For the third time in just over a decade, a new map of parliamentary constituencies is being designed. This one will likely be implemented. Charles Pattie and David Rossiter argue that, despite the misconceptions of both Labour and the Conservatives, the review is neither a ‘gerrymander’ against one, nor redressing an imbalance that harmed the other. But these entrenched views could yet threaten the future of First Past the Post as the system for Westminster elections.
Here we go again. For the third time since 2010, a new map of Westminster parliamentary constituencies is being designed. The Boundary Commission for England released its preliminary proposals on 8 June (the Commissions for Scotland, Wales and Northern Ireland will follow suit in the coming months). Final recommendations will appear in the summer of 2023. This time (the previous two attempts at redistricting faltered before being implemented) the new map is very likely to be adopted. And if past reviews are any guide, the process will be carried out amidst claims and counterclaims regarding potential winners and losers, and whether there is deliberate bias in the process.
Of course, redrawing the constituency map inevitably involves winners and losers, even when (as in the UK) done by politically impartial Commissioners. Previous reviews have tended to result in relative losses of seats for Labour and gains for the Conservatives (smaller parties tend to suffer greater disadvantages from the disproportional nature of First Past the Post (FPTP) than from the effects of boundary reviews). Some Labour figures are likely to argue (as they have done in the past) that the review is a gerrymander against their party, and so drives a nail into the coffin of its electoral chances. On the other side some Conservatives will argue the review simply redresses substantial anti-Conservative bias in the old seats – a nail in the coffin in which that bias is to be buried.
The 2019 general election saw more women run for (and win)seats in the House of Commons than ever before. However the level of abuse those women received was also higher than ever, and affected them disproportionately compared with men. Sofia Collignon explains what we can learn from the data about the experience of female candidates.
After parliament voted in November 2019 to trigger an election – which took place in December – a record number of women presented themselves for office, as 37% of candidates were female. This is an improvement of eight percentage points over the number of women standing just two years earlier, in 2017 (29%). Perhaps more relevant is that a record number of female candidates actually went on to become MPs (220), comprising 34% of the total number of members of the House of Commons (+5%) and making up a majority of both Labour and Liberal Democrat MPs. The increase in the number of women standing for office and winning a seat is undeniable progress for the representation of women in the UK. But this positive scenario becomes more pessimistic if the violence experienced by women in politics is considered.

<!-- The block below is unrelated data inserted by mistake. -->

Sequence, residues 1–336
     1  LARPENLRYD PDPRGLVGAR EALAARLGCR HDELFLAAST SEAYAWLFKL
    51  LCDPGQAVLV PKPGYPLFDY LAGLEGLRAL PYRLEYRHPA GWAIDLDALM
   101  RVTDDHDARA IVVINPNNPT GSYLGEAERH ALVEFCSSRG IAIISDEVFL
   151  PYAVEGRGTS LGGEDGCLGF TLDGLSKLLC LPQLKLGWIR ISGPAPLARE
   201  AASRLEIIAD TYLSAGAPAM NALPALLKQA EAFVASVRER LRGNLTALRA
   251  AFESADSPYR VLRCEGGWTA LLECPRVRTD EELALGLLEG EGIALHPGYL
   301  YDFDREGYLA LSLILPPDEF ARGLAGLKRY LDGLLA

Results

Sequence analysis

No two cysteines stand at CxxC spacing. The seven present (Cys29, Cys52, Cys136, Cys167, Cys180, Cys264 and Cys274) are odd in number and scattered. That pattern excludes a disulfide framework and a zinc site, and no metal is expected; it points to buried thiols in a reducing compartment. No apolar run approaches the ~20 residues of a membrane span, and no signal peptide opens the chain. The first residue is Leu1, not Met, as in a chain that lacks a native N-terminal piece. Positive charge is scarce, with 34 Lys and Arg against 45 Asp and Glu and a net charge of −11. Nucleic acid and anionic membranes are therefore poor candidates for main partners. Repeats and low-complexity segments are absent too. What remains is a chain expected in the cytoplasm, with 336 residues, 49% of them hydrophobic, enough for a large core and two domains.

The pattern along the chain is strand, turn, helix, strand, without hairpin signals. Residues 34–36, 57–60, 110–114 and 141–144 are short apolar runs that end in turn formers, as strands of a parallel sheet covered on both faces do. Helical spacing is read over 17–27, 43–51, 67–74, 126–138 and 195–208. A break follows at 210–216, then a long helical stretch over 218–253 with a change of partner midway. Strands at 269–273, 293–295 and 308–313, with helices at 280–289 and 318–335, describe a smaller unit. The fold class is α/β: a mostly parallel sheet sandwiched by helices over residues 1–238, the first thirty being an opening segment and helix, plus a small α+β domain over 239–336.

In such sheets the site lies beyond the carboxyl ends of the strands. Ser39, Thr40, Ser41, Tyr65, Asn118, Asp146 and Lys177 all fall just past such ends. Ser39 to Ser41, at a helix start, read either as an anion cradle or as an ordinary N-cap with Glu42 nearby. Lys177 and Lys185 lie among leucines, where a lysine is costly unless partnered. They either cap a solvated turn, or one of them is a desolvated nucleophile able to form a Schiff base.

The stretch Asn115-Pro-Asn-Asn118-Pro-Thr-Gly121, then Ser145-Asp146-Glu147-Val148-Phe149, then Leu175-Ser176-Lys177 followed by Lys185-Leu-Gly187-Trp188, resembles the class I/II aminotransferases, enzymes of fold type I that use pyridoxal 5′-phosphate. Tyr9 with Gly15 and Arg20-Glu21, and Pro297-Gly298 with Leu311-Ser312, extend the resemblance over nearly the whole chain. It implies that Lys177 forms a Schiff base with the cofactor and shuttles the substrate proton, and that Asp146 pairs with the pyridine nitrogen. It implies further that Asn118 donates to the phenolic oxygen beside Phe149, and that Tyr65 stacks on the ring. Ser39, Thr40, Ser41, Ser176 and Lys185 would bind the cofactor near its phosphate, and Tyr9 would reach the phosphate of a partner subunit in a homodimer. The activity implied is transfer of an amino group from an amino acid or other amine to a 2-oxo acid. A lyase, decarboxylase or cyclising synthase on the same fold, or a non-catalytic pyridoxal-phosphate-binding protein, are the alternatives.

Drawing on data from the Representative Audit of Britain (RAB) survey of 2019 candidates, this blog post summarises the degree to which women and men candidates suffered harassment and intimidation while campaigning for the 2019 general election in the UK and the nature of the abuse they experienced. It shows that women are distinctly affected by abuse, harassment and intimidation in two ways: the frequency of the abuse and the motivation behind it.
The frequency of abuse
The analysis of RAB 2019 responses indicates that 49% of candidates reported that they suffered some form of abuse, harassment or intimidation while campaigning. This is an increase of 11 percentage points compared with 2017. The proportion is significantly higher for women (61%) than men (44%). It is particularly worrying to notice that, despite multiple initiatives, the findings of a 2017 inquiry by the Committee on Standards in Public Life (CSPL) and frequent media coverage, harassment against women increased by 16 percentage points, almost twice the increase observed among men (see Figure 1). Not only were more women standing for office, but they were also reporting more acts of intimidation, threats, physical and psychological violence.
Nine years after the passage of the Fixed-term Parliaments Act, both government and opposition have expressed a desire to repeal it, following two general elections: one brought about about using the provisions of the Act and another by circumventing them. The Constitution Committee has produced a report setting out what any replacement legislation needs to address. Its Chair, Baroness Taylor, discusses the Committee’s conclusions below.